Food Thinking Mistakes
There are many common Food Thinking Mistakes
that cause us trouble, when we are learning to deal with food in our lives, and develop healthy diet habits.
The problem with our thoughts
is that they can be true, partially true, or false, and it is important to determine whether our thoughts
are true or not! The following list of common thinking errors is from "The Beck Diet Solution",
by Judith S. Beck on page 195 to page 196. All credit goes to her for relating these problems to dieting
in such a simple, easy to understand manner with great examples:
Thinking Mistake #1: All or Nothing Thinking. You see things in only two categories when there’s a middle ground. Examples would be:
- Either I am completely on my diet, or I’m off my diet.
- Either I’m 100% successful, or I’m a failure, and may as well give up dieting.
Thinking Mistake #2: Negative Fortune Telling. You predict the future negatively, without considering other possible outcomes. Examples would be:
- Since I didn’t lose weight this week, I’ll never be able to lose weight.
- Since I gave into that craving, I’ll never be able to tolerate cravings.
Thinking Mistake #3: Overly Positive Fortune Telling. You predict the future too positively, without considering other possible outcomes. Examples would be:
- I’ll be able to eat just a little bit of this food I crave, feel satisfied, and stop.
- It’s okay if I just estimate the amount of food I’m supposed to have instead of measuring it. I’ll still lose weight.
Thinking Mistake #4: Emotional Reasoning. You think your ideas must be true even though objective evidence says not. Examples would be:
- Since I feel like a failure for having strayed, I really must be a failure.
- I feel like I just have to have something sweet right now.
Thinking Mistake #5: Mind Reading. You’re sure of what other are thinking, even in the absence of compelling data. Examples of this would be:
- People will think I’m strange, if I don’t drink alcohol at the party.
- She’ll think I’m rude, if I don’t try the brownies she baked.
Thinking Mistake #6: Self-Deluding Thinking. You rationalize by telling yourself things you don’t really believe at other times. Examples would be:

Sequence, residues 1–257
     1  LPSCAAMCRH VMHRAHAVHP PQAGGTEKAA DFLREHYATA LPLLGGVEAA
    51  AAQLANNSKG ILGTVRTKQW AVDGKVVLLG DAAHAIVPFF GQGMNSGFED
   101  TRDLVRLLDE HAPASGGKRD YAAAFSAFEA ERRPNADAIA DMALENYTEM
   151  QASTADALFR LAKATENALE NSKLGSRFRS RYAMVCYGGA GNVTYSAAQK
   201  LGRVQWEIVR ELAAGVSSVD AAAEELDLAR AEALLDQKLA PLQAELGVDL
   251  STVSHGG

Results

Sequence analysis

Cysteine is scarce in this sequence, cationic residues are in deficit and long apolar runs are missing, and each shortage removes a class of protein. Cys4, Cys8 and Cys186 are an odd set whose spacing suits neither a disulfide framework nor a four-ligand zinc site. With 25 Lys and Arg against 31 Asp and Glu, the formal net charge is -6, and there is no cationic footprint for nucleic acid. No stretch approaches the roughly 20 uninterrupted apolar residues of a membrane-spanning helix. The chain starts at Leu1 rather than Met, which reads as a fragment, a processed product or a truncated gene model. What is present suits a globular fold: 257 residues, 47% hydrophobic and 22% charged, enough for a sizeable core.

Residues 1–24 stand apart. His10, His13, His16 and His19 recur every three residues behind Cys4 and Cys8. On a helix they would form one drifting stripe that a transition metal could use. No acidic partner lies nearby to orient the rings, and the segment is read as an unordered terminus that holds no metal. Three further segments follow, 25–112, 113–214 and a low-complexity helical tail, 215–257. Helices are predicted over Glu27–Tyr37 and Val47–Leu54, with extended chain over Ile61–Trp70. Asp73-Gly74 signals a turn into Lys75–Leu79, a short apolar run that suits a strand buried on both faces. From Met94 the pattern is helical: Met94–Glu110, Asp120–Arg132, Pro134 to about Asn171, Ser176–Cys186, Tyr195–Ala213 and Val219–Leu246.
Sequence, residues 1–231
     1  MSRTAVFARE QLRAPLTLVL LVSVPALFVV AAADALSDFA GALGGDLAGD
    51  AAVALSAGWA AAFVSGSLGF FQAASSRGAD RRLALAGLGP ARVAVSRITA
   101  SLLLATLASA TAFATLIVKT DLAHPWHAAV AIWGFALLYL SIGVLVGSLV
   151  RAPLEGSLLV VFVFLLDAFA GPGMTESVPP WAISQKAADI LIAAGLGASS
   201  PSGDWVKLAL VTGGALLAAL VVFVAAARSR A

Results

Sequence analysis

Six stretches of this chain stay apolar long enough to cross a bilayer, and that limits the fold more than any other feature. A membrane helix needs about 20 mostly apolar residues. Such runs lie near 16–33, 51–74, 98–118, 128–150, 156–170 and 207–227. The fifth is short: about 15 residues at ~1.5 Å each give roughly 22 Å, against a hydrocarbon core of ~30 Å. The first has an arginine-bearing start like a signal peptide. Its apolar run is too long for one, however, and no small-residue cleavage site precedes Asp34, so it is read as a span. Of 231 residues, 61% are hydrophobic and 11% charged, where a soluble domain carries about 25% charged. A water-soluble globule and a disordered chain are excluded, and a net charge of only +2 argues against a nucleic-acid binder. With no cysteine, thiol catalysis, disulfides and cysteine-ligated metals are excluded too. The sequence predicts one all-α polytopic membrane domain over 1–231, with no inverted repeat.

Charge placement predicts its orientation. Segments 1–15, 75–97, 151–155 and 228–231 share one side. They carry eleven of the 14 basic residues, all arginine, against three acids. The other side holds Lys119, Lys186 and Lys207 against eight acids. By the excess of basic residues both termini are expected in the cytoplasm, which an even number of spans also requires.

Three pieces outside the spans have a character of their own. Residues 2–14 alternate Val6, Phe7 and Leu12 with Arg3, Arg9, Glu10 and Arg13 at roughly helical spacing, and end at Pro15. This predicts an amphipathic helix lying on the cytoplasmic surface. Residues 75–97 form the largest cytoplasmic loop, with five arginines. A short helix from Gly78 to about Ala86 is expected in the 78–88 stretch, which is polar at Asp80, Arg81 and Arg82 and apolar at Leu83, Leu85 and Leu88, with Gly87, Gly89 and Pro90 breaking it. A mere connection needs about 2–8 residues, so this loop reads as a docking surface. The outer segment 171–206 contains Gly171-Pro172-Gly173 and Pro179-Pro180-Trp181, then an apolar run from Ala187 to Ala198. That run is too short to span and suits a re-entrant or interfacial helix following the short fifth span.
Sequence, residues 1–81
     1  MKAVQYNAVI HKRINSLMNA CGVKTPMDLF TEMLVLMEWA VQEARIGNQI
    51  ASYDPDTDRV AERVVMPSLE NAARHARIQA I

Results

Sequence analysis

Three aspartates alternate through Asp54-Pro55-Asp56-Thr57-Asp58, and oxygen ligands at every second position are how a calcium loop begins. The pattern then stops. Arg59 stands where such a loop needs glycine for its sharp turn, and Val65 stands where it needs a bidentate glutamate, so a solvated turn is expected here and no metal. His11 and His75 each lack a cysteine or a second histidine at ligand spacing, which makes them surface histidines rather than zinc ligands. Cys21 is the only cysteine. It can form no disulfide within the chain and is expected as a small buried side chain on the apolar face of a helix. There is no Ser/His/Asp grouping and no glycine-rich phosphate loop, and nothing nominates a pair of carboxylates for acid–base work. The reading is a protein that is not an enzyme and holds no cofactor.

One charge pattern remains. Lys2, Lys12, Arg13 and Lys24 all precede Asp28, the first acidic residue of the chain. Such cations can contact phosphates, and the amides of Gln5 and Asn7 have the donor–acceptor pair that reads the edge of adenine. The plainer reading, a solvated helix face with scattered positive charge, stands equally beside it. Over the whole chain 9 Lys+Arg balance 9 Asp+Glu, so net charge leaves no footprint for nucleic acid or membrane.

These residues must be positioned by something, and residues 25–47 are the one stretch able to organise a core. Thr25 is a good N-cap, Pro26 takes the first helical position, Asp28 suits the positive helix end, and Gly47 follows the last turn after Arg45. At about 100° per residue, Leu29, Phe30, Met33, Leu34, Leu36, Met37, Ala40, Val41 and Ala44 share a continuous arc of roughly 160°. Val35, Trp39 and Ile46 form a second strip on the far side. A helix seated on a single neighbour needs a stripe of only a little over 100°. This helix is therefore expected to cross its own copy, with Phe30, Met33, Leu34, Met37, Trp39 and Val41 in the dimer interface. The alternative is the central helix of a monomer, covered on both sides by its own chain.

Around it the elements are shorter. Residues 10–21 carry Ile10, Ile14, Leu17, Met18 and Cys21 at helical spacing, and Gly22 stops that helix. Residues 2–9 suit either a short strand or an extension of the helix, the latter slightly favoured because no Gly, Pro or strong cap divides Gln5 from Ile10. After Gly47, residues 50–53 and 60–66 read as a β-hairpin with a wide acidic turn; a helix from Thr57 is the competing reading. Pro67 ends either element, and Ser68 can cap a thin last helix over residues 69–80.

- If no one sees me eating, it doesn’t count.
- It won’t matter, if I give in to my cravings.
Thinking Mistake #7: Unhelpful Rules. You mandate actions, without taking circumstances into consideration. Examples would be:
- I can’t waste food.
- I can’t inconvenience my family by cooking healthier meals, or getting junk food out of the house.
Thinking Mistake #8: Justification. You link two unrelated concepts (to justify your eating). Examples would be:
- I deserve to eat this, because I’m so stressed out.
- It’s okay to eat this, because it’s free.
Thinking Mistake #9: Exaggerated Thinking. You make a situation seem greater, or worse than it really is. Examples would be:
- I can’t stand this craving.
- I have no willpower.
I love these food thinking mistakes, and found myself identifying with each one of the examples personally. It is easy to laugh at some of them, but most of us have used every one of them. If you want to make lifestyle solutions, you will need to identify your sabotaging thoughts and thinking mistakes. In her book Judith Beck presents “The Seven Question Technique” to help find solutions to these food thinking mistakes. I've summarized these on my follow up page...Food Thinking Solutions. Check it out!
You can purchase "The Beck Diet Solution", by Judith S. Beck below, directly from Amazon.com. It is one of my Top 10 Recommended Books to read along with her six week workbook and has wonderful information about food thinking mistakes and food thinking solutions!
Return to Thoughts
Go to Thoughts and Eating
Go to Food Thinking Solutions
Return from Food Thinking Mistakes to Healthy Diet Habits Home Page